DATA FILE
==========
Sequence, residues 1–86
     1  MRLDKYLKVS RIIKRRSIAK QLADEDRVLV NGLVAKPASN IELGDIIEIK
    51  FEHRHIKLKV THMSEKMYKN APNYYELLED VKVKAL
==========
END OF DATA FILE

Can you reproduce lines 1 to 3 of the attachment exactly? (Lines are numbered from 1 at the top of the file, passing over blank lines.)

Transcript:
Sequence, residues 1–86
     1  MRLDKYLKVS RIIKRRSIAK QLADEDRVLV NGLVAKPASN IELGDIIEIK
    51  FEHRHIKLKV THMSEKMYKN APNYYELLED VKVKAL